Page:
Newsletter Value Investor Insight carried an interview May 30th with Troy Capital's Alex Troy, whose fund has returned an average of 23.6% annually net of fees since inception in March 2003, versus 15.8% for the S&P 500, according to Value Investor Insight. Here's the excerpt from the interview in which he discusses IndyMac Bancorp (IMB), which was trading at $33.69 at the time of the interview (current price here):
IndyMac Bancorp (IMB) is another idea with its fair share of detractors.
AT: Since 1992, this company grew from almost nothing to being the largest “Alt- A” mortgage originator in the country. Alt-A loans are those with less documentation than is required by government agencies like Fannie Mae to buy the loans on the secondary market. Credit scores are typically much better than for subprime borrowers, but for whatever reason those taking out Alt-A loans may not have the income or credit history that prime borrowers do. Often it’s because they’re self-employed and may have uneven annual income.
What I find remarkable here is that after compounding earnings at 20% per year over 15 years, this company is now considered to be just another mortgage lender with potential credit problems. The stock trades at less than 10x forward earnings and 8x trailing earnings and has a nearly 6% dividend yield.
But the short interest is still off the charts. Why is that?
AT: There are probably several reasons. Until recently, being short was working and more people tend to pile in when that happens. More fundamentally, there seems to be a belief that troubles in the housing market in general and subprime mortgage loans in particular will severely impact credit quality of IndyMac’s Alt-A loans. To some extent that has been borne out: after consistently generating 20% returns on equity, ROE in the first quarter was only 10%.
There appears to be concern over the company’s reliance on the California housing market, which accounts for about 45% of its loan base. Shorts also tend to be attracted to the fastest growers in lending industries that are retrenching, assuming they cut corners on underwriting or otherwise inappropriately boosted earnings. You can find a lot of ingenuity on Internet bulletin boards focused on questioning IndyMac’s earnings quality.
How do you get comfortable that the shorts aren’t right?
AT: First, we see no evidence that the company, after 15 years of doing a lot of things right, all of the sudden lost its way and is hiding things from shareholders. The ratio of loan-loss reserves to non-performing loans is currently 46%, and while detractors may want to see that higher, the actual historical level of the company’s non-performing loans that it has had to charge off is 32%. There’s always a risk that the housing market totally falls apart and we see big negative surprises in the loan portfolio, but with a 4.4% unemployment rate, we don’t see that happening.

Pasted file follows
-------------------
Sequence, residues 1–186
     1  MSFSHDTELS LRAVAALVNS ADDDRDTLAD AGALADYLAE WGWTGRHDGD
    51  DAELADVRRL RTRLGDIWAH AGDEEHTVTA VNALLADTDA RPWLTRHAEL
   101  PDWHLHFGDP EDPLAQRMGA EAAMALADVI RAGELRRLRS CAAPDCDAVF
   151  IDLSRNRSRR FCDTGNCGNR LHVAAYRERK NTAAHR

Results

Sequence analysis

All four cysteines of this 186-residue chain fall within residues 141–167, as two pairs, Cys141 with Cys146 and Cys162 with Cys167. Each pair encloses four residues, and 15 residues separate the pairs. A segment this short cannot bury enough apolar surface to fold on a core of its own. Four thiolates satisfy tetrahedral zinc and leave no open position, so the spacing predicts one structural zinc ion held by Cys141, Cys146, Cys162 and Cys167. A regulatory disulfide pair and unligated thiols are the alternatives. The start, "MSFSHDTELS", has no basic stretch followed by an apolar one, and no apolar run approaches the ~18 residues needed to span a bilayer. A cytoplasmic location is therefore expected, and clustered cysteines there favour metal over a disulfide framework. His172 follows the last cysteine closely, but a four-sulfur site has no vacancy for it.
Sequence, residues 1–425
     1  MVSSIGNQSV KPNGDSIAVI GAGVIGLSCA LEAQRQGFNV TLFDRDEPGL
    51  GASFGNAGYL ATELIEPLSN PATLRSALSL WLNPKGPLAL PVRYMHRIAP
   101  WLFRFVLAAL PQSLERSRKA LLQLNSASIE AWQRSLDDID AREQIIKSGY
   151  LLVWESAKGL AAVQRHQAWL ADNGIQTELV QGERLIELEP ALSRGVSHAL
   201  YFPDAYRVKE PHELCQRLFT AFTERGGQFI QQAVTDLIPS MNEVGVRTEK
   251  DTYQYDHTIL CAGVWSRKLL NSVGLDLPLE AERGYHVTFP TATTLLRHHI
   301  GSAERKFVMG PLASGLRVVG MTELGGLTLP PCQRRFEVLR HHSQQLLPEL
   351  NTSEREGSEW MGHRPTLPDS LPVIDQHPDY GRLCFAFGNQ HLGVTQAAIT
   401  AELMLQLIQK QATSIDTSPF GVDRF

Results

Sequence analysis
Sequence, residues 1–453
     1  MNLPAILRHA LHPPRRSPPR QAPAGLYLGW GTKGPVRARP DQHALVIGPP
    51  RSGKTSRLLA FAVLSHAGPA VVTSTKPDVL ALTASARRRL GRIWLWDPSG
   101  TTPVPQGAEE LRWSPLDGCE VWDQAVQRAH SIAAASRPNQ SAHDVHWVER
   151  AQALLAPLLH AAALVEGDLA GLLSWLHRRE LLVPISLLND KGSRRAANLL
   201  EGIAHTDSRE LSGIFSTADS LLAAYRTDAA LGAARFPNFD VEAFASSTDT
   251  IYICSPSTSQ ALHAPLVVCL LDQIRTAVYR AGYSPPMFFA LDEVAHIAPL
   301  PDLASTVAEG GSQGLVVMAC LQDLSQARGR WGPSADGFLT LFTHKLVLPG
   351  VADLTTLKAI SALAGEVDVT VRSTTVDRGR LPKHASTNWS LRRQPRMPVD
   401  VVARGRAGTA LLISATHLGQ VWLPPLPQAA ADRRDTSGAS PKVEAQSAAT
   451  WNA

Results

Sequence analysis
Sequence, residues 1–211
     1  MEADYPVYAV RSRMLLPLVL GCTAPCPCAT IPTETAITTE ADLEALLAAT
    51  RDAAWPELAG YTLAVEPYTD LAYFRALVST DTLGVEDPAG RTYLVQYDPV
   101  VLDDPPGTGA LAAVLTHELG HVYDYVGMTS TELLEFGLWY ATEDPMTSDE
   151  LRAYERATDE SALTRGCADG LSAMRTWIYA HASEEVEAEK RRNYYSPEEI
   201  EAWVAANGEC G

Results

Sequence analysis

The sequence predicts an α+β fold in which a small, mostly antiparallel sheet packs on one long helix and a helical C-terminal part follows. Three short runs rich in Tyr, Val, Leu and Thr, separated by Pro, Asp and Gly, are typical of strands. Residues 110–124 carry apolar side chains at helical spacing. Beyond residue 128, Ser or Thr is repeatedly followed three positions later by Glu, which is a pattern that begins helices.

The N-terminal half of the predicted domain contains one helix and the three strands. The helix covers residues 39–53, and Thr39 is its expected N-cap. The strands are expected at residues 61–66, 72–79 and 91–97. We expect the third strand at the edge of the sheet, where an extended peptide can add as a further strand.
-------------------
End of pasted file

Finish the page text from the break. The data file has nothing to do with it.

We also have a very simple barometer for earnings quality, which is the dividend. You can’t pay dividends with anything but real cash and we think the maintenance of the dividend will be the best answer to concerns over earnings quality.
As for exposure to California, the state’s real estate market is like a highbeta stock: it grows faster than the U.S. market in good times and does worse than the overall market in bad times. Given that, the reliance on California may not be so great in the current market environment, but it will be in the next up market. With an appropriate time horizon, this is just not something that worries me.
The company recently completed a preferred share offering, increasing its Tier 1 capital and reinforcing the fact that it doesn’t have any liquidity problems. One thing the company was very smart about was to start a more traditional thrift business in order to attract retail deposits. That’s critical, because it’s a much more stable source of funds in the event capital-markets liquidity ever does dry up. To me, that’s further evidence that you’re dealing here with a high-quality management and company.
In the end, I don’t profess to have any unique insight into real-estate prices or where exactly we are in the housing cycle. But I do know that when it’s raining today the market tends to think it will rain tomorrow, so there’s an opportunity when you believe the sun will eventually come back out – as I believe it will here.
With IndyMac shares trading around $34, how are you putting numbers on that belief?
AT: We’ve run a variety of scenarios to determine how bad things can get. As I mentioned, the company has historically compounded book value at close to 20%. If we assume ROE turns negative this year and then rebounds over the next five years to only 12%, we expect the share price to grow around 15% per year. If we assume flattish ROE this year and the company getting back to just a 15% level, we’d expect 20% annual share-price increases. With the dividend yield on top of that, that would be a very nice outcome.